Having not been to a Broadway Theater in more than three years, we decided it was time to return.
We chose a show to see and purchased tickets. On our way into Manhattan, we talked about the theaters and their accessibility. In 2021 I had read hat the Jujamcyn Theater Group had settled a lawsuit and was going to make all five of their theaters accessible. This is the third large theater group that has agreed to improving its theaters for people with disabilities. With the improvements in the Shubert and Nederlander organizations, there will now be 22 broadway theaters that will be available to those with varying disabilities. That is about half of the Broadway theaters. Although it should be all theaters, this is an improvement over what has been in the past.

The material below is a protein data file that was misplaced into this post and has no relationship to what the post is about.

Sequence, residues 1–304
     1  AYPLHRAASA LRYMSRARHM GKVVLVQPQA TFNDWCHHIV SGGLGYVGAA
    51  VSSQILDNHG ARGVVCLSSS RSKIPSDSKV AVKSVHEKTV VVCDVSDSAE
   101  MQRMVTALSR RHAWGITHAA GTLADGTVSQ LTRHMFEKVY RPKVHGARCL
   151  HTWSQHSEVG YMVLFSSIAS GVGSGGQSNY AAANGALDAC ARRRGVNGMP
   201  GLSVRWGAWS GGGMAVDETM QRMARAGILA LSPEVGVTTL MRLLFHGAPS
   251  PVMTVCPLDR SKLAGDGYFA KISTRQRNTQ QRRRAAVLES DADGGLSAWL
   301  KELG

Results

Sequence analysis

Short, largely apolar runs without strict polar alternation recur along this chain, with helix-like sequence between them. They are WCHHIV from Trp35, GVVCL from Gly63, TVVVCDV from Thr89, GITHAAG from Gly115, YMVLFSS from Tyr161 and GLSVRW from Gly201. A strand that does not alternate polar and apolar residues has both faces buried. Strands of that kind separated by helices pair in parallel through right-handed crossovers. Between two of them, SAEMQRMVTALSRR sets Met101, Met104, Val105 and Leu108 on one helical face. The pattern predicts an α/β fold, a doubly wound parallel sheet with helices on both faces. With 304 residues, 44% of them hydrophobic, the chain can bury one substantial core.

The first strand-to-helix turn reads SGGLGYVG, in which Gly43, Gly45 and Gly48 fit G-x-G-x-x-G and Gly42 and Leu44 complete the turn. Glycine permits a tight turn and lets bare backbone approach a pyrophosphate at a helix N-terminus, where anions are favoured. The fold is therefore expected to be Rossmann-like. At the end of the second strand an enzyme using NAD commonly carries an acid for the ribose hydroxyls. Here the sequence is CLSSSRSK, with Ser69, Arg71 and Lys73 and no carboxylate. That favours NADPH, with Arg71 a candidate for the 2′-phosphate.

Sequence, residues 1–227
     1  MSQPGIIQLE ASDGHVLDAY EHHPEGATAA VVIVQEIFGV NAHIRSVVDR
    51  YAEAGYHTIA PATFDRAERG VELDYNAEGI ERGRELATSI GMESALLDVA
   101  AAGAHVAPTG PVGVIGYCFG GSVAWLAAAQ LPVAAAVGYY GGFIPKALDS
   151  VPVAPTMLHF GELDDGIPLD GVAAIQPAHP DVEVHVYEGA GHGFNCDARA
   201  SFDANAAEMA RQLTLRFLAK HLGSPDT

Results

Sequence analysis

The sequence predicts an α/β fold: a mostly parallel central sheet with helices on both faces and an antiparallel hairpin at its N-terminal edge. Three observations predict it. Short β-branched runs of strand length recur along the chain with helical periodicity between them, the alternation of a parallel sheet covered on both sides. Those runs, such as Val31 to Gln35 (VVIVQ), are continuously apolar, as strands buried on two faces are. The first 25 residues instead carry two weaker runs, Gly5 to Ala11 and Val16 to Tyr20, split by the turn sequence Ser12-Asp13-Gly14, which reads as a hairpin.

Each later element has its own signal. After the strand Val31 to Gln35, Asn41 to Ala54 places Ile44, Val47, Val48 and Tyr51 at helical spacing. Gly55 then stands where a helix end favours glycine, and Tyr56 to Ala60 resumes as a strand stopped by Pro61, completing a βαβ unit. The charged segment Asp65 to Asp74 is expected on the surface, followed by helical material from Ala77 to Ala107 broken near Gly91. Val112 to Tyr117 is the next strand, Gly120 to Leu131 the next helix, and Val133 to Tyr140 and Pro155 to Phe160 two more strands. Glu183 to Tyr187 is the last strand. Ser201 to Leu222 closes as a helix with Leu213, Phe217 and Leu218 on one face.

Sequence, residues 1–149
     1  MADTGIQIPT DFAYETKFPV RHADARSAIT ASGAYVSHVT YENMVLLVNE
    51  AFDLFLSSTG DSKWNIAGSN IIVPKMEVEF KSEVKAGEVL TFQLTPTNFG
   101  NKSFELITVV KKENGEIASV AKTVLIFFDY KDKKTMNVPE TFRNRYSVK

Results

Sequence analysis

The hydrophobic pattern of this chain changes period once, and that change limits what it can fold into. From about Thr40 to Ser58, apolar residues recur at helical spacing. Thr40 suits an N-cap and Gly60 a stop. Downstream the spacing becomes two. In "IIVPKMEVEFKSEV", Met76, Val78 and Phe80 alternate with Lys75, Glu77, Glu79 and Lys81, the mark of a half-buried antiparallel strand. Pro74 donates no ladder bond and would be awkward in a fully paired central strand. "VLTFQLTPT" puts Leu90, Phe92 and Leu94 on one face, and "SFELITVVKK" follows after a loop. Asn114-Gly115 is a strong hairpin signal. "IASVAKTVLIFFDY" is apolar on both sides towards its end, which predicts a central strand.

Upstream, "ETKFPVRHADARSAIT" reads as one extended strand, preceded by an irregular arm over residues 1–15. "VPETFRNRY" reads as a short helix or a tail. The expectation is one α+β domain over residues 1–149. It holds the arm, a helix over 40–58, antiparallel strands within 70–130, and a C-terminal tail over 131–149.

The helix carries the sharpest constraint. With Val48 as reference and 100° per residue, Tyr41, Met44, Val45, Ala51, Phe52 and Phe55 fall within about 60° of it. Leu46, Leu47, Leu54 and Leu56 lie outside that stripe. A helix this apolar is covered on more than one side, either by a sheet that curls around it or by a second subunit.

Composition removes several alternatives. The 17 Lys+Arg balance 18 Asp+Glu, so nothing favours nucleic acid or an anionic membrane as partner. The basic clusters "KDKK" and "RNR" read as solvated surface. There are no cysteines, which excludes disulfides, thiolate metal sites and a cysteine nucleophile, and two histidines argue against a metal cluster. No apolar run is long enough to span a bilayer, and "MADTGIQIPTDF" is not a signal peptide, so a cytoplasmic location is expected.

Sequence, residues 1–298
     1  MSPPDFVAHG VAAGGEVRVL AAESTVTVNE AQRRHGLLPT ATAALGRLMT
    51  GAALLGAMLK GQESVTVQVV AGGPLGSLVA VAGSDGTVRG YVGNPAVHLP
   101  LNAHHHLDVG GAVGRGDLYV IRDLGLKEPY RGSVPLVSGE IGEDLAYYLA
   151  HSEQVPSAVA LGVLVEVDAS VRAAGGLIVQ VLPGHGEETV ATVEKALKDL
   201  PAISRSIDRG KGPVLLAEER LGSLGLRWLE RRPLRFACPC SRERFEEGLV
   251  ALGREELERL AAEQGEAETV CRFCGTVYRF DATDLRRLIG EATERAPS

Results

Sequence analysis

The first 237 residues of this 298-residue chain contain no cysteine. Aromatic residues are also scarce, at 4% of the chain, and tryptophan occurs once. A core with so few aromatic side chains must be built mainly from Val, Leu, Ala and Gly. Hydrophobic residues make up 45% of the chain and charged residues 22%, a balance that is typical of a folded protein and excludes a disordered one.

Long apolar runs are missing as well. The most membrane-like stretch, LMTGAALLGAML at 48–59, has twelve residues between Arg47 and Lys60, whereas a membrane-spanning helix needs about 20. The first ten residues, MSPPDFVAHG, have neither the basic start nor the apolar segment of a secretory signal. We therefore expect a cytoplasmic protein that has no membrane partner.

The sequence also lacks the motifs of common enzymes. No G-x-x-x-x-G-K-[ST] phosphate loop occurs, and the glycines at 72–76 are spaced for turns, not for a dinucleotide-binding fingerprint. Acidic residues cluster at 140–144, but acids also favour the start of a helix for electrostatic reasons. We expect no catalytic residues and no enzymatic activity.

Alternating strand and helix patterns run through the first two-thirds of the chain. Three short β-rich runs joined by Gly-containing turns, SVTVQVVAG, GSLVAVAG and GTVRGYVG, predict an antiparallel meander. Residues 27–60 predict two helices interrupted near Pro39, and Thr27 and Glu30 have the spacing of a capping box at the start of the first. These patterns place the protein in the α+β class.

Just knowing that these theaters are “accessible” is not enough in itself. More information is needed. The good news is that detailed information about accessibility is available for all to see. You just need to know where to look.
We found two very helpful sites, www.theateraccessibility.nyc and www.seatplan.com, provided a wealth of information about accessibility in specific theaters.
For those who know TDF (Theater Development Fund), Theater Accessibility NYC is a collaboration between them and The Broadway League. Their website says, “…theater is for everyone…Broadway should be accessible for everyone regardless of disability. Theater Access NYC brings all the information you need to plan your trip to Broadway, together in one easy-to-manage place.” This website offers lots of detail.
www.seatplan.com is another site we think is quite valuable. It has detailed accessibility information on more than 40 Broadway theaters, from getting into the theater to specifics about seating, restrooms, etc.
One needs to visit these websites to get a better understanding of how valuable they are. We hope you will do that to have the best theater experience you can. Enjoy!